Steps to Digital Forensics Simplified

What is digital forensics?

With the rising number of cybercrimes, tracking nefarious actors online has become a crucial focal point for both governments and private enterprises alike. When cybercrime takes place within your own digital environment, investigating the cause and extent of damages should be your top priority in order to contain the breach, eradicate the threat, and mitigate further loss.


Digital forensics is the process of uncovering and interpreting electronic data from digital devices. It is often in relation to cybercrime and assists in pinpointing the origin of an attack, tracing it back to the source and enabling the recovery of lost or stolen data. Typically, a digital forensics investigation follows five critical steps to mitigate damage and prevent the reoccurrence of a cyber breach.

1. Identification

Knowing where to look for electronic evidence is most important when beginning an investigation. Sources of relevant evidence include mobile phones, computers, servers, emails, and internet service providers. The process of identification is not only digital; observation of physical surroundings (e.g., security camera positions, key card access control readers, etc.) also provides physical evidence in putting together a timeline.

Upon identification, system or network isolation might be necessary in order to reduce damages and prevent further disruption to business operations. To decide whether or not the system requires isolation, consider critical factors such as the extent to which the system, platform, or application is deployed within the company network.

2. Containment

Containment serves as the first active response to a crisis, disabling the hacker from performing malicious activity and preventing further damage. The nature of the incident will determine the type of containment effort taken ranging from controlling, monitoring, and enabling added security measures. 

3. Preservation & collection

The process of preserving data is key to ensure all information available is authentic and valid. Fundamental documentation of the evidence collected must include information regarding the operating system, network traces, and application-specific logs.

Much like a physical crime scene, photos (or, in this case, digital copies) are made of the evidence at the scene of the incident. Otherwise known as capturing, imaging, or printing, visuals of the scene are used as a point of reference for investigation. As  incident responders  often work in pairs, these visuals enable parallel analysis and ensure that the investigation is conducted on a duplicate image rather than the original point of breach to allow for evidence corroboration. The digital image is also useful for generating the Incident Report at the end of the investigation. 

4. Analysis & eradication

The primary goal of analysis is to determine how and when the breach happened by scrutinizing and interpreting the evidence collected. The analytical process draws on a multidisciplinary approach, pulling resources from various skillsets, expertise, and training. Approved tools and methodologies must be adhered to during this process.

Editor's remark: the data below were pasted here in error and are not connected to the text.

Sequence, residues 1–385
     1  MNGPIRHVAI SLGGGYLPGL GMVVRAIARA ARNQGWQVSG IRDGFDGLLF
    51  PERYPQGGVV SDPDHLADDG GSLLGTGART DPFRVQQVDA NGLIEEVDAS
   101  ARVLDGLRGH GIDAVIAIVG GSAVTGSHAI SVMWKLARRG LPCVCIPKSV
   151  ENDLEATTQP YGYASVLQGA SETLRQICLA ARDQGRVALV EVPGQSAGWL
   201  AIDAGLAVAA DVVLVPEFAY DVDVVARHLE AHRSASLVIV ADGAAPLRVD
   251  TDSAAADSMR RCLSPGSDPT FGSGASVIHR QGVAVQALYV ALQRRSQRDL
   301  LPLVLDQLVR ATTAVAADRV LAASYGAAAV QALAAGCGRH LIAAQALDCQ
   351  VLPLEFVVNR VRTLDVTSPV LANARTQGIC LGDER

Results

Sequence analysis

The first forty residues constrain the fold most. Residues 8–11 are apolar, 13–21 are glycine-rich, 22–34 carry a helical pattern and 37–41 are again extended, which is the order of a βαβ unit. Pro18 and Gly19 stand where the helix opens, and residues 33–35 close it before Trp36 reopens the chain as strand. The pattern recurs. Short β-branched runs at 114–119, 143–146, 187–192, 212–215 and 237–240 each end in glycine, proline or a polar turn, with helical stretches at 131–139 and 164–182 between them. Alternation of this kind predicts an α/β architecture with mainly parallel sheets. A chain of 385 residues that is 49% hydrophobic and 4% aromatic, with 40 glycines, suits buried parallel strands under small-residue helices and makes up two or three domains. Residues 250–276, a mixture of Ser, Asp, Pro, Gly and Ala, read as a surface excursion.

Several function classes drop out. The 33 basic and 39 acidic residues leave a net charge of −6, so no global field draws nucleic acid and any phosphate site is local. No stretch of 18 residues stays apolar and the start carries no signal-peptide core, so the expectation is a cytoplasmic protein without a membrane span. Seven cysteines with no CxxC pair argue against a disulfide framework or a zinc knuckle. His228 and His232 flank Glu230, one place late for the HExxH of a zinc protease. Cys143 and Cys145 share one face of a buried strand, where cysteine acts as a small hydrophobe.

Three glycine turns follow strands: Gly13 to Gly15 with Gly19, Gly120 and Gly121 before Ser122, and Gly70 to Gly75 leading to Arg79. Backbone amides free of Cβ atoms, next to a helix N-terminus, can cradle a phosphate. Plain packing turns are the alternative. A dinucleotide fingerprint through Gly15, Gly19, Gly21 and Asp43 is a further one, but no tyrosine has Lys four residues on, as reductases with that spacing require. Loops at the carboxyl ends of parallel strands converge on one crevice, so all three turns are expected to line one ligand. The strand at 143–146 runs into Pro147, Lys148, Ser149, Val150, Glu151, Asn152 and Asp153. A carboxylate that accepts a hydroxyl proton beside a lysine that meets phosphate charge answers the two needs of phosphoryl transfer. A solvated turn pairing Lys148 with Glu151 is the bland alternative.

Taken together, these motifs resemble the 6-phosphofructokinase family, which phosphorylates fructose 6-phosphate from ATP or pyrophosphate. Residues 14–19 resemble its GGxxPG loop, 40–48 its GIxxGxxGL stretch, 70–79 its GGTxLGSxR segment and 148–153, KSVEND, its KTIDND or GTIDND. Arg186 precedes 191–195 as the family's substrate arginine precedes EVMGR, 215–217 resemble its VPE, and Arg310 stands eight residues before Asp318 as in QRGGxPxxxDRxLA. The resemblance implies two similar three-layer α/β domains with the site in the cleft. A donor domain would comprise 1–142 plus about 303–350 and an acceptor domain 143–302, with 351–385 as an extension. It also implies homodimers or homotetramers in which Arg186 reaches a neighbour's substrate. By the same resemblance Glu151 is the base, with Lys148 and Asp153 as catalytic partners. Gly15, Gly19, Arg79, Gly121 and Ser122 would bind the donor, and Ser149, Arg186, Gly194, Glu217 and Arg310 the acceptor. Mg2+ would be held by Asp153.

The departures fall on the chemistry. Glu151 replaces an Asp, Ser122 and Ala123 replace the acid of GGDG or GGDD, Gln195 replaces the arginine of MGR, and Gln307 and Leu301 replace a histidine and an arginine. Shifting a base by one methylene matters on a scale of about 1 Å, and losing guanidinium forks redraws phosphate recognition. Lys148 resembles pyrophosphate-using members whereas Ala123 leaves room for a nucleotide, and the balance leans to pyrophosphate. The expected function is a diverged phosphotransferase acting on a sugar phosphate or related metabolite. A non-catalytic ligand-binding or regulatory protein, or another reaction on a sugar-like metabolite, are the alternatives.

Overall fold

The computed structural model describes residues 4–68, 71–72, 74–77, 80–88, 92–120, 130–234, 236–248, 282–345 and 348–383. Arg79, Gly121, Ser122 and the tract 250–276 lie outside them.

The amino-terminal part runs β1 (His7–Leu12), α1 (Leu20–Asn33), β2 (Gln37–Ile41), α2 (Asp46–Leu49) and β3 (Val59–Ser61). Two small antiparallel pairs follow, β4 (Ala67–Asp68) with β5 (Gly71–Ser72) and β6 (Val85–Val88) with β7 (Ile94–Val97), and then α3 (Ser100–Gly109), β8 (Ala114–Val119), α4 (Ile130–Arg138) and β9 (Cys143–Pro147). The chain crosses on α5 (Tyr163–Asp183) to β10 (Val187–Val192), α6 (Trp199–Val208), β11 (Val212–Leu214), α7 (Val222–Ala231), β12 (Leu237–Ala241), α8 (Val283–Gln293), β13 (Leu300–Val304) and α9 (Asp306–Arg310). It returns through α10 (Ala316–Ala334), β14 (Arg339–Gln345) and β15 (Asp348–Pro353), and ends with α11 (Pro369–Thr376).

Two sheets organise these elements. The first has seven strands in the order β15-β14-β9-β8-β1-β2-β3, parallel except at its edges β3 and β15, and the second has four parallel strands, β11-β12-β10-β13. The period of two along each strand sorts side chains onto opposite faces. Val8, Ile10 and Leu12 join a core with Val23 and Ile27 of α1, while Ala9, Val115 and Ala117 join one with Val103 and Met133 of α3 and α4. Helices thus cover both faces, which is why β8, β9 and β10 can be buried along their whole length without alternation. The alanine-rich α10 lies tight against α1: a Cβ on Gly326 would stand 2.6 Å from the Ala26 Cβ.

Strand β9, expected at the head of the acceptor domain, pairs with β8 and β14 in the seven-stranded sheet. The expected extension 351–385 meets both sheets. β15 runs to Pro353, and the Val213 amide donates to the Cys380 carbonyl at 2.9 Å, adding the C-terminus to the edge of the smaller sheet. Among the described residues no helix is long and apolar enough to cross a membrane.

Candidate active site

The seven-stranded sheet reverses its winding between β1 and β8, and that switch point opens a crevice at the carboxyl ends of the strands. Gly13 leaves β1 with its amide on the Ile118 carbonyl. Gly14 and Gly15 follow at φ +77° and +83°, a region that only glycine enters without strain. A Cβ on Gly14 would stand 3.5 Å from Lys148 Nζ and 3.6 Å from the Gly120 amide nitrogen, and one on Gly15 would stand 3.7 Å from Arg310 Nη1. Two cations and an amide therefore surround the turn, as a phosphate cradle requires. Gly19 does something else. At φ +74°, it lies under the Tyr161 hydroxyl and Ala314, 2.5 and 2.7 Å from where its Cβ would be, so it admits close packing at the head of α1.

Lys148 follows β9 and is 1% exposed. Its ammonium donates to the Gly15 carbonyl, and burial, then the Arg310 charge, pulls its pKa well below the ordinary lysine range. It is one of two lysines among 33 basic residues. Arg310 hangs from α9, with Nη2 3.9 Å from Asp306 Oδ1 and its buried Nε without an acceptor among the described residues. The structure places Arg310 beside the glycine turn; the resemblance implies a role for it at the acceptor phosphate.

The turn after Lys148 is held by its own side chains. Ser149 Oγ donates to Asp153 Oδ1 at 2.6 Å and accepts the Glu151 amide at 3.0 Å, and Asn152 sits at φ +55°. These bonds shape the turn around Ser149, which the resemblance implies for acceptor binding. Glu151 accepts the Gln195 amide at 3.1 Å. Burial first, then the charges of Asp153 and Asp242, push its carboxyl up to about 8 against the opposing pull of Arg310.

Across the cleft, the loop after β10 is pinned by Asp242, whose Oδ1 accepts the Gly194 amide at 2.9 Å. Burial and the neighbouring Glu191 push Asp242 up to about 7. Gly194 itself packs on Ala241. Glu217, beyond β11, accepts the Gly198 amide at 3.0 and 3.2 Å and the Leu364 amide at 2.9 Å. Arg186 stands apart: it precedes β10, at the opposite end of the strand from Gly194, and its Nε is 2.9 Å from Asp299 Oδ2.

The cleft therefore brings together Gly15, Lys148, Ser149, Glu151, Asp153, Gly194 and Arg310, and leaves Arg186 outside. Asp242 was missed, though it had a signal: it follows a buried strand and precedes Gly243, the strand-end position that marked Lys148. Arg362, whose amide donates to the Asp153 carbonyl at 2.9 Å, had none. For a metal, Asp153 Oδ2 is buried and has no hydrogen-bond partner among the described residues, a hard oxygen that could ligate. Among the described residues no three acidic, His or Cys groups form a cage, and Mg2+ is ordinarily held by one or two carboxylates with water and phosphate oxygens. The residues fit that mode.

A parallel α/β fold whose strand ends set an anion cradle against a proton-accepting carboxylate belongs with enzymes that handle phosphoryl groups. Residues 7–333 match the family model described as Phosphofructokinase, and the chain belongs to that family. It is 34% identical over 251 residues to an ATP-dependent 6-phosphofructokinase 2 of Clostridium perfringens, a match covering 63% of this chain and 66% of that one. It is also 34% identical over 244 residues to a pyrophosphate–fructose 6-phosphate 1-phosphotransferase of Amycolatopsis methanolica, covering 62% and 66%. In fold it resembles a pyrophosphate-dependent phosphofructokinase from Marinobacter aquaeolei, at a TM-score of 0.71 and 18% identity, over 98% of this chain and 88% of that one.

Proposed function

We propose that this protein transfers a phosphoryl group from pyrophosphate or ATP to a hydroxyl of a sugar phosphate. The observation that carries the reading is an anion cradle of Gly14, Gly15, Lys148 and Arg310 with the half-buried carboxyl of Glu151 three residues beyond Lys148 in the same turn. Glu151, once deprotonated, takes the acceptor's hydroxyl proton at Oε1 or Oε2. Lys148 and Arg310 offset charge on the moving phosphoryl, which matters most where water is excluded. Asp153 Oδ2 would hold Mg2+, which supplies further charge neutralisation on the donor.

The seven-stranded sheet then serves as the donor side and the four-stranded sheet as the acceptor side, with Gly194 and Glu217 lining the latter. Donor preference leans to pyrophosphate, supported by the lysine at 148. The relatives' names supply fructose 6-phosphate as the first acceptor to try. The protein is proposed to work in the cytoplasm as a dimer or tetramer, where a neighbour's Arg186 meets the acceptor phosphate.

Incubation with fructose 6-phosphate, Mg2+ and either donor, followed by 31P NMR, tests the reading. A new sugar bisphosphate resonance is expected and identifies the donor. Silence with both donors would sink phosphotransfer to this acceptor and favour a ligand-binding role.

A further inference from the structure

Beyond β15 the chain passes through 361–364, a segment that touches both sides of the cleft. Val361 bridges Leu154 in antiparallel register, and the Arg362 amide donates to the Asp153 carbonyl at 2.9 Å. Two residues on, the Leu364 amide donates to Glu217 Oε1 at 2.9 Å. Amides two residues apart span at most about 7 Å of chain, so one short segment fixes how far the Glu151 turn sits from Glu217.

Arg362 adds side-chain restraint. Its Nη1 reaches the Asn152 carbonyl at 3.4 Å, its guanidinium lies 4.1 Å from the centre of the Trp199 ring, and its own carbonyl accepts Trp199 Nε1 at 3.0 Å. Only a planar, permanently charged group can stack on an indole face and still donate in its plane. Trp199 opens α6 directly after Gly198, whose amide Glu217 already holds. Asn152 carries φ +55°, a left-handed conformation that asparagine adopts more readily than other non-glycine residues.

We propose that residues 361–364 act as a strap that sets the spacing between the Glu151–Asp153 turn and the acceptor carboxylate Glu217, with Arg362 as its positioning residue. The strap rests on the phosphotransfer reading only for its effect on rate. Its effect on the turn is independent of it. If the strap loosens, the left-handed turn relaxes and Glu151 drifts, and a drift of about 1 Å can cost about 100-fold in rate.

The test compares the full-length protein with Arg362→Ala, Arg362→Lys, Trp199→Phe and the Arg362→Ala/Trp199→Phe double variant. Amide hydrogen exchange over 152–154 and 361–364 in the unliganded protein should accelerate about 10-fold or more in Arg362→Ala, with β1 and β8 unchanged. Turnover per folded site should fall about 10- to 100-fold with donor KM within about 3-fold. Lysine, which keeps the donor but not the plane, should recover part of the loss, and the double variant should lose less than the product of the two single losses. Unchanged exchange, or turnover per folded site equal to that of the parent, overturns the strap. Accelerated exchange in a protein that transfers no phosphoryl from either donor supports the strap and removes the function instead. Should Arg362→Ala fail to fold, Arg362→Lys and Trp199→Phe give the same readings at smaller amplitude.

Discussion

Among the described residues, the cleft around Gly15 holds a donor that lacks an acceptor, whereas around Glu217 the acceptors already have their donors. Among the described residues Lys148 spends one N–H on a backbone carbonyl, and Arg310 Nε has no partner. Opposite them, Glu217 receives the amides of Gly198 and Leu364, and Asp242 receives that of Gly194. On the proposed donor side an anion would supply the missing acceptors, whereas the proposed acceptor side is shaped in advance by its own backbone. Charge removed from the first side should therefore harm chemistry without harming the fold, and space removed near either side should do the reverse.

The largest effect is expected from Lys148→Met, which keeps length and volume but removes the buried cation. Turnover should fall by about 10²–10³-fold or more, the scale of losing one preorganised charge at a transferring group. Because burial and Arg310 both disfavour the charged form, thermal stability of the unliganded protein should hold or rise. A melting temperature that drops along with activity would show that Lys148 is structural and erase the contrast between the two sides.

Time and date parameters or boundaries are often the first two key factors identified as they are important in building the timeline of events that uncover how an attacker may have entered a system, moved within it, and taken actions on objectives. Time and date parameters also help investigators narrow the scope of an investigation, eliminate externalities and hypotheticals, and focus on the time range of the attack to more efficiently obtain useful findings.

Matching evidence to an event timeline is crucial in identifying corroborating accounts of the incident. Outputs of the analysis include information on system and user generated files among others. Forensic investigators then interpret and draw conclusions based on facts gathered from the evidence.

As part of eradicating the threat and preventing future occurrences, a new set of defenses are put in place. A thorough sweep through of the entire system is also advised to identify other weak links. An important action that complements these steps is copious note-taking. Documentation should be detailed enough such that actions taken can be replicated and reproduced by another person.

5. Reporting

The last step in this process is reporting. The report should identify the source of breach, techniques and methodology used to mitigate the unwarranted attack, the evidence collected, and advisory materials for stakeholders and decisionmakers. The report should be factual, impartial, and non-technical for stakeholders to easily understand and take necessary action. 

While each company and system is unique and requires its own incident response plan, the abovementioned serves as a general overview of the digital forensics process. For professional advice on incident response planning suited to your firm’s specific needs, schedule a call with one of Blackpanda’s cyber incident responders to plan your response.

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